It’s important to have one foot in the research, especially given how fast innovation moves in this field. Booz Allen stays up to date on AI innovation through a combination of partnerships and dedicated experts. We have a team at Booz Allen that performs tech scouting and environmental scanning. That’s all they do, day in and day out, and they are extremely proficient at identifying potential disruptive technologies. They also monitor academic publications to try to understand what is new and exciting.

In addition, academic partnerships are important, and so are research partnerships, especially with large technology companies. We highlight the relationship that we have with Databricks, for example. We’ll ask them what they’re integrating into their tool sets and what’s on their roadmap. That gives us a sense of what will be available in the next three to six months.

From a policy perspective, there have been exciting announcements around potentially creating a National AI Research Resource. I think that’s incredible and much needed to stay competitive on the global scale. The one thing that’s unique about artificial intelligence, specifically machine learning based methods, is that it’s different than traditional software where the research process continues into the initial engagement with users in real-world environments.

I believe we have to expand our definition of research in this context and make sure we’re including that applied research – not just getting capability into production and real-world use, but then optimizing it in real world use as part of the research process so we don’t hit a period of disillusionment. We’re not done with the research once we hit end users for the first time. In some cases, that’s when it begins.”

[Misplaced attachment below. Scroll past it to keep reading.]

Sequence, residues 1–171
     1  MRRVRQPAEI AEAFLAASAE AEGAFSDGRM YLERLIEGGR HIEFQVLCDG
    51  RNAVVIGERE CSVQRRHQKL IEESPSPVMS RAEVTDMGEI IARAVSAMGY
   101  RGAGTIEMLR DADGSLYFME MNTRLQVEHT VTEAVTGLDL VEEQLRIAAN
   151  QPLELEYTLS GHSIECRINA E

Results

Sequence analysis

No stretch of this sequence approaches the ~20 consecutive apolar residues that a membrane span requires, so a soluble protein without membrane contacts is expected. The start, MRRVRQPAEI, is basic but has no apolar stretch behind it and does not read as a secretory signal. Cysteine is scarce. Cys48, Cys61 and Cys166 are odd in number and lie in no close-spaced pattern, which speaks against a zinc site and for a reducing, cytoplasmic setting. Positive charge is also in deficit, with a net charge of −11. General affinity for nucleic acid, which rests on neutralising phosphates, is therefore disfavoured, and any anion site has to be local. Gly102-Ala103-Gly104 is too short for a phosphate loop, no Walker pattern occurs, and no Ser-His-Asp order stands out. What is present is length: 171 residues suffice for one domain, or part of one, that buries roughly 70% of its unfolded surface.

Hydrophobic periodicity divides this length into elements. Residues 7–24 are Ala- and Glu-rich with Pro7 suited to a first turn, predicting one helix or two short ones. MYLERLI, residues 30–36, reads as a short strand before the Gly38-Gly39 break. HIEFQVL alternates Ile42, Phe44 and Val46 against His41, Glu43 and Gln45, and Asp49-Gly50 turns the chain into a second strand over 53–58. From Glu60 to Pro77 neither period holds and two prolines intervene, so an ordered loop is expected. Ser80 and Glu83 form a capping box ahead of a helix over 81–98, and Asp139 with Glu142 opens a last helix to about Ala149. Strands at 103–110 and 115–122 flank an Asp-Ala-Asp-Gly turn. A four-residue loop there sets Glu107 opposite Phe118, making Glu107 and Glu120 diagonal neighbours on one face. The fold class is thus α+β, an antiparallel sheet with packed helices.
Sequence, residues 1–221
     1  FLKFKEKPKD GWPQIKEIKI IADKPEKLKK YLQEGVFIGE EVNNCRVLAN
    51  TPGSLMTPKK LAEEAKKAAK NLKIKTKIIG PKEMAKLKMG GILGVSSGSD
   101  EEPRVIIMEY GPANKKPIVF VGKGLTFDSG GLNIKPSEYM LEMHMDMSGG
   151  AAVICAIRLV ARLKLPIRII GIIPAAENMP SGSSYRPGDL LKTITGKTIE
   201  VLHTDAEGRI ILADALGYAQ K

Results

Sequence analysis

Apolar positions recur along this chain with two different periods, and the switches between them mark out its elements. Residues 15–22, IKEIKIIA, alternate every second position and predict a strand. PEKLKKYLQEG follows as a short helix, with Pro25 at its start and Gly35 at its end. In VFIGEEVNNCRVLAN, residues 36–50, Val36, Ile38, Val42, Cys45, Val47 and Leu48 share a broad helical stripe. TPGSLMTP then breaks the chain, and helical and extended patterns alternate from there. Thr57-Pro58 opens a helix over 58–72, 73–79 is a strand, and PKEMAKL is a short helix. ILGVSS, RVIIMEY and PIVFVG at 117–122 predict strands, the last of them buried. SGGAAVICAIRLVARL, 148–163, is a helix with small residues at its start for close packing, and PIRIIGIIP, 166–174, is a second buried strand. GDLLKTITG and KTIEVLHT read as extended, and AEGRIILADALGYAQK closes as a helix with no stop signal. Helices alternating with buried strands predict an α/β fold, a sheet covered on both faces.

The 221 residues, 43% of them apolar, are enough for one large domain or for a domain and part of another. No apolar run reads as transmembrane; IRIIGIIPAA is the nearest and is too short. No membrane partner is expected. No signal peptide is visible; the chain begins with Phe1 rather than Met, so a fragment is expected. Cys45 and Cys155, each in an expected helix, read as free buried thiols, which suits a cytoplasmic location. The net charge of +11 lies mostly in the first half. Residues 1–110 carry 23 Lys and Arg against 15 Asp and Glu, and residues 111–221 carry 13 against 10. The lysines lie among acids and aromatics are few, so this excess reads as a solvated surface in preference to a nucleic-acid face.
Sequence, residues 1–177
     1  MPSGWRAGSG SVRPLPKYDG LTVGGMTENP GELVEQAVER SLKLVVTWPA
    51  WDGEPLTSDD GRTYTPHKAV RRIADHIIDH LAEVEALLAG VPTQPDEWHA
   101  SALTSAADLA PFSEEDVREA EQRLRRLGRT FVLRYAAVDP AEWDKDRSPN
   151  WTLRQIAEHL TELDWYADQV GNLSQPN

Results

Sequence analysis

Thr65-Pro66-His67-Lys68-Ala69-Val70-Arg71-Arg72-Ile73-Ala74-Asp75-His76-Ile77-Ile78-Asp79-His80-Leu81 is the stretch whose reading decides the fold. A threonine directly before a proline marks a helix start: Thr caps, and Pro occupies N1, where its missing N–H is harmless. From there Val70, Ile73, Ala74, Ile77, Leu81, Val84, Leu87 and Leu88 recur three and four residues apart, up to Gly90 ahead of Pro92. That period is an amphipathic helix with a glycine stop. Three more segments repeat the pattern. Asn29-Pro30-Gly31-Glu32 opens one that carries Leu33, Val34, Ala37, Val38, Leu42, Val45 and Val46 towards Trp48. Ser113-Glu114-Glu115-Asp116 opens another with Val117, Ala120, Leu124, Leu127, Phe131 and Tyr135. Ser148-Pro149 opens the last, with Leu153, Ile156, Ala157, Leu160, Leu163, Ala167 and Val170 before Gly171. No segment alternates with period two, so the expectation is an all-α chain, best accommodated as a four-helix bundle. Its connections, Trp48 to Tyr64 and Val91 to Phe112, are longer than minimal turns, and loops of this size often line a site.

ExecutiveBiz: When you’re developing AI and machine learning solutions for federal agencies, what are the short-term and long-term ethical challenges that will need to be addressed in policy and other areas as tech adoption becomes a necessity to gain an edge over our adversaries?

Steve Escaravage: “When we talk about responsible AI, it all comes down to trust. As the user and the one interacting with AI, you have to be able to trust the design process, the designer, as well as how it was deployed and tested. We’re going to need to develop ways to build trust and create safeguards.

I do believe there is sufficient policy and regulation out there to begin to guide the industry, but there’s an opportunity for additional guidance like we’ve seen in the medical device industry. They have formal publications and guidance for the industry that spell out the best practices for approaching certain aspects of the design, the manufacturing process, and the distribution.

One thing that I do find is that specifically in the context of ethics or fairness or responsibility, there seems to be a negative context to that conversation today. As somebody who’s been practicing in the field for quite some time, I agree that we need to adopt controls and safeguards, and there are risks that are somewhat novel related to the technology.